Benjamin C. Wedro, MD, FACEP, FAAEM
Medical Editor: Melissa Conrad Stöppler, MD
Whether the name on the chart is Bill Clinton or John Q. Public, the approach to chest pain in the ER is roughly the same, give or take the presence of a few secret service agents. There are many causes of chest pain, but in a patient like Former President Clinton, who has had previous bypass surgery, heart attack is always a major concern.
With chest pain, the worry is that a heart attack (myocardial infarction) might be in progress. When one of the coronary arteries (blood vessels that supply the heart muscle with oxygen) becomes blocked, muscle begins to die. Time is muscle in terms of potential loss, and the rush begins with the triage nurse or even beforehand if an ambulance is called. If the symptoms suggest the potential for heart attack, treatment guidelines suggest that an electrocardiogram (EKG, ECC) be completed within 10 minutes of arrival at the hospital. A brief look at the EKG allows the doctor to know that the patient is indeed having a heart attack and the blocked blood vessel needs to be reopened. Two options exist, emergency heart catheterization, in which a balloon is used to open up the blockage, or intravenous clot busting medications like TNK or alteplase (TPA). (In the US, less than half of hospitals have emergency heart catheterization capabilities).
If the EKG does not show an acute heart problem, the diagnostic challenge begins. Angina, the term used to describe pain from heart muscle that isn't getting enough oxygen, can present in a variety of ways. Sufferers may adamantly deny pain being present but instead complain of chest tightness or fullness, or a squeezing feeling. There may be indigestion and upper abdominal discomfort. The pain or ache may be in the arms or the jaw. There may be no pain or discomfort in some case but the so-called anginal equivalent might be the complaint of shortness of breath. The diagnosis of a potential heart problem begins with listening to the patient, asking probing questions, and looking for potential risk factors for heart disease.
Those risk factors include smoking, high blood pressure, high cholesterol, diabetes, and a family history of heart disease. Other questions might probe recent exercise intolerance or shortness of breath on exertion, which might be a clue that symptoms have been developing over time and have been ignored or not recognized by the patient. For Mr. Clinton, his risk factor for heart disease was 100%; he had coronary bypass surgery 6 years ago.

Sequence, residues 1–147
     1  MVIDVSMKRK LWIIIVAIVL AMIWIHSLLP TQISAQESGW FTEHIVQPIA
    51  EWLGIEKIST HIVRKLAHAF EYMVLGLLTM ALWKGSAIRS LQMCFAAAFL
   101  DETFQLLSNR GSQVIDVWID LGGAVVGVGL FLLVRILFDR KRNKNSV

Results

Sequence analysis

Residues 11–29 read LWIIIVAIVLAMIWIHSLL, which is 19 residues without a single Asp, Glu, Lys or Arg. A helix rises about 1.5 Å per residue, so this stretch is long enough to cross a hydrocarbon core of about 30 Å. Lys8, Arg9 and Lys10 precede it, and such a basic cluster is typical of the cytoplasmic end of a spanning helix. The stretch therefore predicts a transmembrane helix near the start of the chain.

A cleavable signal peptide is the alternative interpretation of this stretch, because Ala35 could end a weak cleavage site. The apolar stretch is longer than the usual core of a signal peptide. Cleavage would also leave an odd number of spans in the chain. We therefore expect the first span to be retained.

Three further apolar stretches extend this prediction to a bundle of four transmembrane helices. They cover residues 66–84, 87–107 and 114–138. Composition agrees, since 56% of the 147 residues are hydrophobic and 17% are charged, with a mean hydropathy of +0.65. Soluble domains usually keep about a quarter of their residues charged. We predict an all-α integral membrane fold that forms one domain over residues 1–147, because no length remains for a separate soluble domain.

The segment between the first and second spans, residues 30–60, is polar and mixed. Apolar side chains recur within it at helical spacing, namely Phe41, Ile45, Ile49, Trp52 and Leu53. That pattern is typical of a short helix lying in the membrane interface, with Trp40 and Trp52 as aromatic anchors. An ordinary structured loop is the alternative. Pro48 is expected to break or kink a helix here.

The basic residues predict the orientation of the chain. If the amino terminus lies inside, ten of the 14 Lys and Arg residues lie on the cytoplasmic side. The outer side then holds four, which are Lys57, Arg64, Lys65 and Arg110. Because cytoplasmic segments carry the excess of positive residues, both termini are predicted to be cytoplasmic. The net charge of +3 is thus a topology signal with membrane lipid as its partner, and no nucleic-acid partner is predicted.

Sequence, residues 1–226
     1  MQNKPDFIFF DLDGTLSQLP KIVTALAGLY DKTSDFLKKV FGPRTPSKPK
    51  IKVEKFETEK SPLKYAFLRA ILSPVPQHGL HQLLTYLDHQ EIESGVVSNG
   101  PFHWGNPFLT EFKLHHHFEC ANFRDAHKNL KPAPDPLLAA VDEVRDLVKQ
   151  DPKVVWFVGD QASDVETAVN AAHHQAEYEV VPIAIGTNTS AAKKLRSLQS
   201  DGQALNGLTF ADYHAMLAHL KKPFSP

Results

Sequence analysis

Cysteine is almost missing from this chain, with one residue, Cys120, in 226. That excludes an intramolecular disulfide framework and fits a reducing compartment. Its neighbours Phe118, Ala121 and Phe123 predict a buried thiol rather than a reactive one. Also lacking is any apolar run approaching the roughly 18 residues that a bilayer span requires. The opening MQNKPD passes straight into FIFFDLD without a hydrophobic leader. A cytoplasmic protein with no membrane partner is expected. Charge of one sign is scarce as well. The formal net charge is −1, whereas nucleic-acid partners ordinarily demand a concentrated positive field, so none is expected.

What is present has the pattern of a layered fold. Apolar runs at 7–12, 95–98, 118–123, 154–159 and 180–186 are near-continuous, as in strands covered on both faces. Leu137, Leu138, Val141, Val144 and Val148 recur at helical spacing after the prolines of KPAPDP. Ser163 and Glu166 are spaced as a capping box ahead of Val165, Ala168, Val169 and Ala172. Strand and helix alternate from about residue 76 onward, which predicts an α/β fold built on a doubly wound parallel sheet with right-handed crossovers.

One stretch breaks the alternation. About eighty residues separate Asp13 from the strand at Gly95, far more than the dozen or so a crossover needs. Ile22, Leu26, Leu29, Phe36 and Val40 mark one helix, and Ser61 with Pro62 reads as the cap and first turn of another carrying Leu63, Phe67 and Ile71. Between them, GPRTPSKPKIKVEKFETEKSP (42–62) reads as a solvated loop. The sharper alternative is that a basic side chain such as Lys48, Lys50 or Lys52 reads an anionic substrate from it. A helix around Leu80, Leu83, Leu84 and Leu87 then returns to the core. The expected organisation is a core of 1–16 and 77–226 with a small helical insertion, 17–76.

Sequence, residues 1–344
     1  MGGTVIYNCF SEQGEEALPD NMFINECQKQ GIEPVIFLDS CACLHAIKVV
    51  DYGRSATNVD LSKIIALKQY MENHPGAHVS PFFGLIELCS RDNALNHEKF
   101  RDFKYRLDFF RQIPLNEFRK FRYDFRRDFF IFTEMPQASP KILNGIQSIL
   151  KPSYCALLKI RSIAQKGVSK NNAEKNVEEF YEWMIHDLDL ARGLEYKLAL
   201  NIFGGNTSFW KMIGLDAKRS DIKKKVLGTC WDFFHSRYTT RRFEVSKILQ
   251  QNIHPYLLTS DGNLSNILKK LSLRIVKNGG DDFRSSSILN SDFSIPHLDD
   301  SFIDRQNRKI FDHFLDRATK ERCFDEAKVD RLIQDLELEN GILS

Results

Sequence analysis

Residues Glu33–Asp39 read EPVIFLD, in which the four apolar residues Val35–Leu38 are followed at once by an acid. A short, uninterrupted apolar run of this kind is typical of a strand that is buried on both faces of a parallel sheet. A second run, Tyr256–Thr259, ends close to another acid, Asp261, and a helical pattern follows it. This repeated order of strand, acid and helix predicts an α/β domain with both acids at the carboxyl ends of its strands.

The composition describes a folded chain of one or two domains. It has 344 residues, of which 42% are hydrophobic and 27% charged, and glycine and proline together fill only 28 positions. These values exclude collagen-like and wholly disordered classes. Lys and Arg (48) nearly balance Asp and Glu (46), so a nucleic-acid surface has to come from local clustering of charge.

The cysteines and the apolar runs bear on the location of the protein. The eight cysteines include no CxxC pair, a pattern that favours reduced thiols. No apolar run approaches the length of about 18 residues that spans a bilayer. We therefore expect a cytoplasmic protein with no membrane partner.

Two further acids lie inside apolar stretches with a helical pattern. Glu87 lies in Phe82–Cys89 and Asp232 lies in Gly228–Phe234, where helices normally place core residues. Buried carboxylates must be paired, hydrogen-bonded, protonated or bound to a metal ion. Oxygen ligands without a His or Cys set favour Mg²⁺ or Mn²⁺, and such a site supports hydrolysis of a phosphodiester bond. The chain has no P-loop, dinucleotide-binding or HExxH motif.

History is also helpful in accessing other potential causes of the chest pain, like pulmonary embolus (blood clot to the lung), dissecting aortic aneurysm (damage to the major blood vessel in the chest), pericarditis (inflammation of the sac lining of the heart), and reflux esophagitis (inflammation of the swallowing tube) among numerous others. Physical examination complements the history, but the gold is found in talking to the patient.
If the patient continues to have pain at rest, and the working diagnosis is that pain is coming from the heart, the goal is to resolve the pain quickly and try to protect the heart muscle from damage while the diagnosis is confirmed. Aspirin is given to make platelets less sticky and prevent blood clots form occurring in the narrowed coronary artery. Nitroglycerin is given by tablet under the tongue, by paste on the chest, or intravenously to dilate the coronary arteries; heparin is used to thin the blood to again prevent the potential for blood clot formation. It's a little backward since treatment is started even before the diagnosis is confirmed, but it's only because heart muscle is so precious. It is better to treat a patient and prove that it's not a heart problem than to delay treatment for a patient whose heart needs help.
Not every patient who has chest pain needs a heart catheterization to look for blockage. Less invasive ways of checking out the heart can be used, but the test needs to be tailored to the patient and their situation. Stress test, echocardiography (heart ultrasound), CT coronary angiogram, and MRI scans are alternatives that may be appropriate to use to assess heart function and blood flow.
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Mr. Clinton ended up with a heart catheterization, a procedure in which a small tube is inserted into the femoral artery in the groin or the brachial artery in the elbow and is snaked into the arteries of the heart (coronary angiogram). Dye is injected, X-rays are taken, and if a blockage occurs, the same catheter is equipped with a balloon that can be inflated to squash the blockage into the blood vessel wall, reopening it and re-establishing blood supply to the heart muscle (coronary balloon angioplasty). There may be a next step, depending upon the situation. Using the same catheter technique, a stent or cage can be inserted to act like a scaffold to keep the blood vessel open and prevent it from reclogging.
The purpose of all this work is to prevent a heart attack from occuring. Mr. Clinton listened to his body and sought medical care quickly. While he ended up with a heart catheterization and stent, his work isn't done. He and his doctors will work hard at further decreasing his cardiac risk factors to prevent the next event. He is a young man and at age 63 will want to look forward to years of being able to have a body that allows him to enjoy life, perform public service, and participate in family celebrations.
REFERENCE: Fauci, Anthony S., et al. Harrison's Principles of Internal Medicine. 17th ed. United States: McGraw-Hill Professional, 2008.
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